Lakers-Warriors takeaways: Austin Reaves, Malik Beasley make their mark
Austin Reaves collected the ball after a Klay Thompson turnover and raced up court, his eyes looking directly ahead at the basket, his feet moving as fast as they could until the Lakers guard threw down a two-handed dunk.
It was one of Reaves’ highlight plays in the third quarter of the Lakers’ easy win over the Golden State Warriors on Thursday night at Crypto.com Arena.
He did not miss any of his four shots in the quarter, including his only three-pointer. He had 13 points, three assists and one steal in the third.
For the game, Reaves was six for six shooting from the field, four for four from the free-throw line, and had 17 points.
Reaves announced his presence with an all-round effort that included playing his typically tough defense and providing hustle.
“At this point, man, he does it all,” Anthony Davis said about Reaves. “He can shoot, put it on the floor, play-make. He’s tough defensively. Nothing surprises me with Austin. He’s continuously getting better every day. He’s coming in, puts his work in. And he’s just out there having fun.”
Days after LeBron James said he’s playing in one of the most critical stretches of his career, the Lakers respond with a 124-111 win over the Warriors.
Reaves served as the backup point guard after D’Angelo Russell went down in the first half because of a sprained right ankle.
When Dennis Schroder started in the second half at point guard, Reaves came in to run the show for the second unit.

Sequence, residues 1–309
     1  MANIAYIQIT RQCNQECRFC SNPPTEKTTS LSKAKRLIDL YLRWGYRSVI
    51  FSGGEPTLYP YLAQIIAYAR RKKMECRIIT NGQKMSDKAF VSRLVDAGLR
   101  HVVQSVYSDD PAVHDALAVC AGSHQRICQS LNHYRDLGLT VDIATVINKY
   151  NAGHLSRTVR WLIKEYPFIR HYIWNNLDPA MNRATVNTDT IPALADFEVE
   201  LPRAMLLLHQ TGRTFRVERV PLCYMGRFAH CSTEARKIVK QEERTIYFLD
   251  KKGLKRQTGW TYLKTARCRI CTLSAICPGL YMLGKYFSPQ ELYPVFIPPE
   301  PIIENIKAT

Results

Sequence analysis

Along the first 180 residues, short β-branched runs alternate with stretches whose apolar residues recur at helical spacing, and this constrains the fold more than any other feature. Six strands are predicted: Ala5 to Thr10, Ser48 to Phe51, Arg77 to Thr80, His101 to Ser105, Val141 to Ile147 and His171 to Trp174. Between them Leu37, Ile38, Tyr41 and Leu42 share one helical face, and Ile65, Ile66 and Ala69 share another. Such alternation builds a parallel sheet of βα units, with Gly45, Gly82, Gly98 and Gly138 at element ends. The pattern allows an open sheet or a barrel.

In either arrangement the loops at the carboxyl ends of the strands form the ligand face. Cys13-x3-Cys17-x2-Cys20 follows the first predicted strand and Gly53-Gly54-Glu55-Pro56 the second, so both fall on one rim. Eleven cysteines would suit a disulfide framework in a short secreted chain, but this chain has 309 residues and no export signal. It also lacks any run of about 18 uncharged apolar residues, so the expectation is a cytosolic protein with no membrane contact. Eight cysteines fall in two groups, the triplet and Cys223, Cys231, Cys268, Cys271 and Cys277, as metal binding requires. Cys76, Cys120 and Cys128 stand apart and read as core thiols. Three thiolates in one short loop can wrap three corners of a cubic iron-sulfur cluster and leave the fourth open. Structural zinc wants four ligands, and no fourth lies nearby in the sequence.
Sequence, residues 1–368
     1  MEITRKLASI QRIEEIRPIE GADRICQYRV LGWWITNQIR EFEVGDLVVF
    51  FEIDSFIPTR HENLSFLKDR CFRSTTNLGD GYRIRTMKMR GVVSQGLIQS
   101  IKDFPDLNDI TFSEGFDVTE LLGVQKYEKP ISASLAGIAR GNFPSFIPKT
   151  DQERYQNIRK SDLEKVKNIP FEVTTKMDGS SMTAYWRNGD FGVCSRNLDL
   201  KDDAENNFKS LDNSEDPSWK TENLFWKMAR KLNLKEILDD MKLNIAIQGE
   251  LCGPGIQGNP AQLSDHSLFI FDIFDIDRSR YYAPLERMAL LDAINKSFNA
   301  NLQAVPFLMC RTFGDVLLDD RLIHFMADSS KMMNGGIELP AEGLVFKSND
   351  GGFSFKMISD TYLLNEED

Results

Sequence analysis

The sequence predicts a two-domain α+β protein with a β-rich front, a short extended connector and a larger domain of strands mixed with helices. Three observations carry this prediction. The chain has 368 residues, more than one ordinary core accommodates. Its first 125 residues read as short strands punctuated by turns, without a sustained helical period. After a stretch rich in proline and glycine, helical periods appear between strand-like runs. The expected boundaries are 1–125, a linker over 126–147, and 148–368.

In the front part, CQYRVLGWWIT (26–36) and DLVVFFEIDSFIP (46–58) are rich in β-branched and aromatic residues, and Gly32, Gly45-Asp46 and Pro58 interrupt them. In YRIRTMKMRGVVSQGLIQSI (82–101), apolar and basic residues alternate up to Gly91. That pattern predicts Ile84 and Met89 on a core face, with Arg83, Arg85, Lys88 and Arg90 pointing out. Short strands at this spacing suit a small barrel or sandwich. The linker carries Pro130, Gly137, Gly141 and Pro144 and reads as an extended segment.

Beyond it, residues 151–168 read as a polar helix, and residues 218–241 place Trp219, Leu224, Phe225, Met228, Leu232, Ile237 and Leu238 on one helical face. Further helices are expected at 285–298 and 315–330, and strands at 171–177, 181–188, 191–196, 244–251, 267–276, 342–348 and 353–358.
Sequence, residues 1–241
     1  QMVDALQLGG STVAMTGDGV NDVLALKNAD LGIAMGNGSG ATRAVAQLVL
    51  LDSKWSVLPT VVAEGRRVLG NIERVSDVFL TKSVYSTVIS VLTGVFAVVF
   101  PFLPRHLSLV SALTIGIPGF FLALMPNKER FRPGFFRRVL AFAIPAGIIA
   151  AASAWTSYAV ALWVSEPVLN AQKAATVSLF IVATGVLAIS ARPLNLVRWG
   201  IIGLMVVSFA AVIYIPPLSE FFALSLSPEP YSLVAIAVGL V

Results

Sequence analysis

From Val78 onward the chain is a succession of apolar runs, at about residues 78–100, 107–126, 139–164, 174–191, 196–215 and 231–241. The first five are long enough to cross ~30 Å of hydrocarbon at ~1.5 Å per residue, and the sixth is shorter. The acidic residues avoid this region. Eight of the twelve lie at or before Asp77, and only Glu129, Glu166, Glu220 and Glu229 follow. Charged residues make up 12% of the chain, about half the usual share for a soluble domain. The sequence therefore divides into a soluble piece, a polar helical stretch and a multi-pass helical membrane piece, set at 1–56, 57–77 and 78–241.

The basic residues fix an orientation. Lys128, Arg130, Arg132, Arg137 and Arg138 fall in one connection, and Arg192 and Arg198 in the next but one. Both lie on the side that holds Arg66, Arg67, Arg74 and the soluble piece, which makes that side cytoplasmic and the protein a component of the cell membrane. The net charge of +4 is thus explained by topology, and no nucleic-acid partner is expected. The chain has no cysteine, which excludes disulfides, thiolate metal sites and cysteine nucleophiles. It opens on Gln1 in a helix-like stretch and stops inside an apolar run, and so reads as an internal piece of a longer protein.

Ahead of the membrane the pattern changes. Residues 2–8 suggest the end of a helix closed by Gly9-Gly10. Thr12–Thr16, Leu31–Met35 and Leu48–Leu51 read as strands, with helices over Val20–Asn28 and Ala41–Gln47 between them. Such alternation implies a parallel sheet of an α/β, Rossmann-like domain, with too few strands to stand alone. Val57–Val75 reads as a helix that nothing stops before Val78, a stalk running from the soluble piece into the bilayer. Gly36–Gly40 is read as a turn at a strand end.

Reaves finished the game with four assists.
“I like playing point,” he said. “… I like getting everybody involved a lot, I like the feel of the team when everybody is being successful.”
At times, Reaves found himself defending Klay Thompson and Jordan Poole, Golden State’s sharpshooting guards.
Reaves said he takes “pride” in playing defense, something he wasn’t known for coming out of college.
“I take pride in it just because a lot of people didn’t think I could do it,” Reaves said. “So, it’s kind of like a middle finger to ‘em and move on.”
Beasley hot for three-point range
Earlier on Thursday, Davis got on Malik Beasley for throwing the ball back to Davis during a play the team was running in the pregame shoot-around.
Davis and the Lakers want Beasley to look for his shots, to take his shots when open, and to be the outside threat as expected after he was acquired from the Utah Jazz.
Davis said they were running a play for Beasley, a career 38% three-point shooter, and that the guard caught the ball and passed it back inside to instead of shooting.
“I threw the ball back out of bounds and ran it again and told him, ‘You shoot the ball. Like, I’ll get touches. You shoot. We want you to shoot,’ ” Davis said. “And the result of that, he hit seven threes tonight. I think he’s a key piece to our team, able to space the floor.”
Indeed, Beasley was on fire against the Warriors, making seven of 11 shots from three-point range while leading the Lakers in scoring with 25 points.
Beasley said he was trying to make the right play by throwing the ball back to Davis.
“I mean, I was just going through script, and I just thought it was the right play to throw it to him, and he threw it back, and he was like, ‘Shoot the ball!’ So, we had to do it all over again,” Beasley said. “Same with coach [Darvin Ham]. He told me to shoot the ball, keep shooting.
“And that feels good when you’re a shooter. It gets my confidence high, A.D. and LeBron [James] keep saying, ‘We gonna get ours, so do what you do and keep spacing the floor and knock down shots.’”
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